Massage & Bodywork

November | December 2014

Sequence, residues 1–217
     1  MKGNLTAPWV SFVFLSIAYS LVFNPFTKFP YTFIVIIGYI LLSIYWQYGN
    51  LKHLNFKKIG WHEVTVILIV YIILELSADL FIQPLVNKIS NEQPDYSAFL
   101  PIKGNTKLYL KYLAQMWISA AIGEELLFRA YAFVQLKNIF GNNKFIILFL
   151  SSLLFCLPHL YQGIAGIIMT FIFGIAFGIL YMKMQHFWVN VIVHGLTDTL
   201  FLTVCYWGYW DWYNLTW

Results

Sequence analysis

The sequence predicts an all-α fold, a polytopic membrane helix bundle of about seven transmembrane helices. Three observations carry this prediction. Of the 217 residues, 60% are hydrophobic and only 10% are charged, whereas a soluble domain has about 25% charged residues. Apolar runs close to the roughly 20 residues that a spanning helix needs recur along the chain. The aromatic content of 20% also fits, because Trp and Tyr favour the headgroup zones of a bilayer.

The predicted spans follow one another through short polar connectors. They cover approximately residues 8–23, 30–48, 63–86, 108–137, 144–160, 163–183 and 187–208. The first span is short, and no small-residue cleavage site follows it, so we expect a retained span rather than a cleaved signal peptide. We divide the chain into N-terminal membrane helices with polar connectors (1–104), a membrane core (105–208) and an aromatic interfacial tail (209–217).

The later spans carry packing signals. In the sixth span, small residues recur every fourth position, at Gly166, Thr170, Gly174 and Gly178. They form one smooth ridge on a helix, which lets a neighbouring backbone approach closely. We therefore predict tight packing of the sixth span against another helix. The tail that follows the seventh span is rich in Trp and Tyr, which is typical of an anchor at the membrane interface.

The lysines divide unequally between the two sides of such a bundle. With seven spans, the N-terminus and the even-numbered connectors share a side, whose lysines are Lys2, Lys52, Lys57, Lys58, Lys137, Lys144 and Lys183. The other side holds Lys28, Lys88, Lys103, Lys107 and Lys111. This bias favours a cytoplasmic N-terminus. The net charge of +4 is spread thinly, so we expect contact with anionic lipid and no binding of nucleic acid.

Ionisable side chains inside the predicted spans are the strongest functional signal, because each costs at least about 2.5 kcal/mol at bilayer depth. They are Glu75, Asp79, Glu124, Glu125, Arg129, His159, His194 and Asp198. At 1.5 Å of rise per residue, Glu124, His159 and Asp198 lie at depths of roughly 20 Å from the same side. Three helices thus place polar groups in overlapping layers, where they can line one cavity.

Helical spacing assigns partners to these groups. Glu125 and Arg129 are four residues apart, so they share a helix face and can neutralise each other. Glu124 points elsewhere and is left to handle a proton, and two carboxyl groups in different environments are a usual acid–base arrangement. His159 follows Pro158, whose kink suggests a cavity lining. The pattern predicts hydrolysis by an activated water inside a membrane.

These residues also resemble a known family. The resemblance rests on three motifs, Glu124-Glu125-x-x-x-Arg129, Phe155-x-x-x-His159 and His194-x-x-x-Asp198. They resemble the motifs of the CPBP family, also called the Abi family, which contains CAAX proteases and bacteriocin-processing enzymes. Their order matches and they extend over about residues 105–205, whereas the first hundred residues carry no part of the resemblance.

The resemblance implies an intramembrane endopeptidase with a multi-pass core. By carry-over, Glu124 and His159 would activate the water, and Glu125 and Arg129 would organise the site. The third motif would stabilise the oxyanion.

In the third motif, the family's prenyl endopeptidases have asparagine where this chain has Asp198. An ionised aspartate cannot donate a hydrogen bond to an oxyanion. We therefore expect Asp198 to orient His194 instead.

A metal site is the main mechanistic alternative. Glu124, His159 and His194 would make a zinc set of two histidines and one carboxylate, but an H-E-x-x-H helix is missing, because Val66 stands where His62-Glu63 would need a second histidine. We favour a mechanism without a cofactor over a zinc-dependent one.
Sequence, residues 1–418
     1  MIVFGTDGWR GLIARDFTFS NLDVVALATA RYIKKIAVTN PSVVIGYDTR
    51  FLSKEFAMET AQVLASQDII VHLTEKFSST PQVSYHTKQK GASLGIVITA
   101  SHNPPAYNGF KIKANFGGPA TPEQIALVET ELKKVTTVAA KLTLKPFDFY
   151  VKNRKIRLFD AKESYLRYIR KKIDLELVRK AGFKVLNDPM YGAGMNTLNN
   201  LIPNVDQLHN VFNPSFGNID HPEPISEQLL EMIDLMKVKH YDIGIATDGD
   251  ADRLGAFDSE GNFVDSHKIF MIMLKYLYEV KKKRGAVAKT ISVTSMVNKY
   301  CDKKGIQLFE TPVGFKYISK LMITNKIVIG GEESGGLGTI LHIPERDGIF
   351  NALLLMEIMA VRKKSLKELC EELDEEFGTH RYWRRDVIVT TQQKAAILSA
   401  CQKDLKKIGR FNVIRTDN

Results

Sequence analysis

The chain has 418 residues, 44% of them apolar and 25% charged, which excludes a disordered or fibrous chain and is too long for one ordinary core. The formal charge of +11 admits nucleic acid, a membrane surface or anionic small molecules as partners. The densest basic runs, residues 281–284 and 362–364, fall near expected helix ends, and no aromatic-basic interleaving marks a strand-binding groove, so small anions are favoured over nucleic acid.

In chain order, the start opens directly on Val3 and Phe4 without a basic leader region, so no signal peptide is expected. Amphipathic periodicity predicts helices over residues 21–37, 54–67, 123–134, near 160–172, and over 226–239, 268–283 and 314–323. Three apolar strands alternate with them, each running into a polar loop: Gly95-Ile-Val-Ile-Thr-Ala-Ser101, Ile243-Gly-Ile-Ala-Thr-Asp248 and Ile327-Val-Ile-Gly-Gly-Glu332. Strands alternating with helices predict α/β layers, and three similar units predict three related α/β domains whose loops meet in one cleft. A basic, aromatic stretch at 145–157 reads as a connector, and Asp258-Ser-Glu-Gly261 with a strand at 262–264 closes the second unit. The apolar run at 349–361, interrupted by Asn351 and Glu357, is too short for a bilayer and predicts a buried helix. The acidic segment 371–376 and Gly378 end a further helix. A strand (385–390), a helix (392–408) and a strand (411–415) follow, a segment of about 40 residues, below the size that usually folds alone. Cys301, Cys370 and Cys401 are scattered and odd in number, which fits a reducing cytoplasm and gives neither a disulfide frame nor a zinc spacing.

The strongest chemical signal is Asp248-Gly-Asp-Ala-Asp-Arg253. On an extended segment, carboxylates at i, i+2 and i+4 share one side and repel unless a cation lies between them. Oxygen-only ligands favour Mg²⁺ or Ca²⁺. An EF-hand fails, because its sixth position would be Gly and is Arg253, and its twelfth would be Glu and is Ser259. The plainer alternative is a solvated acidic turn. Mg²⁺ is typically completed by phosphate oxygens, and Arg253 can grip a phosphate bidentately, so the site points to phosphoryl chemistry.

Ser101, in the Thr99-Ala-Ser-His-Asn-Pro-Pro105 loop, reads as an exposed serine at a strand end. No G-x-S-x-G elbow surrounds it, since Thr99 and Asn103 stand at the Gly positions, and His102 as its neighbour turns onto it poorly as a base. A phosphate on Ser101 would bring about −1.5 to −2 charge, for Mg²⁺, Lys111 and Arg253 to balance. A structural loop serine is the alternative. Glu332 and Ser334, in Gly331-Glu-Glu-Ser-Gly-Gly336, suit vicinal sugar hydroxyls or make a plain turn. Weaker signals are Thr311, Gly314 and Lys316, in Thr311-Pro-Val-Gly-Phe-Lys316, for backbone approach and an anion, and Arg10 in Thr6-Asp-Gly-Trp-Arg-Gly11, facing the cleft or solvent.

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According to the Scoliosis Research Society, degenerative spine disease is one of the most common reasons adults develop scoliosis. 1 The greater the degree of deformity, the more the unrelenting force of gravity (14.7 pounds per square inch) drags on the body's bony framework (Image 1). In the severely deformed, eccentric force distribution produces compensations that travel throughout the neuromyoskeletal system (Image 2). The effects vary greatly: some scoliotics present with disability and pain, while others with similar degrees of spinal curve sail through life burdened with only occasional discomfort. Manual therapists often shy away from treating seriously malformed spines, and for good reason. In the absence of a basic understanding of spinal biomechanics, soft-tissue work may not produce the desired results. Moreover, treatments that are too heavy-handed may even exacerbate the client's pain and disability. Yet, one thing I've learned in many years working with scoliotics is this: there is always a functional (fixable) component to every structural (fixed) scoliosis. technique MYOSKELETAL ALIGNMENT TECHNIQUES Scoliosis: Fixed or Fixable? By Erik Dalton ASSESSING WITH THE ADAMS TEST When assessing medically diagnosed lumbar or thoracic curvatures, the first order of business is to determine whether the misshapen spine is a fixed (structural) scoliosis, a less serious functional scoliosis, or a little of each. A nonstructural or functional scoliosis is usually treatable and results from compensations such as a short limb, torsioned pelvis, or cranial imbalances. The simplest way to discern functional from structural dysfunction is with the Adams test. Stand behind the client and ask her to slowly bend forward, with arms relaxed and hanging freely (Image 3). Keeping your eyes in line with the client's back, carefully observe any changes in the shape of the thoracic and lumbar spine. Compared to the standing position, does the convex hump change, get worse, or diminish? If the curve stays the same or gets worse, some of the vertebral joints (and possibly ribs) are fused. To confirm your visual observations, ask the client to slowly side bend and rotate her torso, allowing the arms and head to gently swing side to side. During these maneuvers, if any vertebral segments of the convex hump become more symmetrical, they are not yet fixed and should be addressed. This condition, where three or more adjoining vertebrae get stuck sidebent to one side and rotated to the other, is a Type 1 group curve (Image 4). According to my mentor, the late Philip Greenman, DO, "A functional scoliosis is a postural adaptation to an imbalance in one's base of support." 2 2 1 All images courtesy © 100 m a s s a g e & b o d y w o r k n o v e m b e r / d e c e m b e r 2 0 1 4

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